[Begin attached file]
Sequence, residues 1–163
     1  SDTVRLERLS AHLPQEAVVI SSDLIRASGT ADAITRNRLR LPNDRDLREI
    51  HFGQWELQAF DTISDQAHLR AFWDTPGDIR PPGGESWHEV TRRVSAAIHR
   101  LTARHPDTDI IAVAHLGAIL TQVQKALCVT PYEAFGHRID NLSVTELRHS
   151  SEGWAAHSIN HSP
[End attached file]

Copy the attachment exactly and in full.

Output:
Sequence, residues 1–163
     1  SDTVRLERLS AHLPQEAVVI SSDLIRASGT ADAITRNRLR LPNDRDLREI
    51  HFGQWELQAF DTISDQAHLR AFWDTPGDIR PPGGESWHEV TRRVSAAIHR
   101  LTARHPDTDI IAVAHLGAIL TQVQKALCVT PYEAFGHRID NLSVTELRHS
   151  SEGWAAHSIN HSP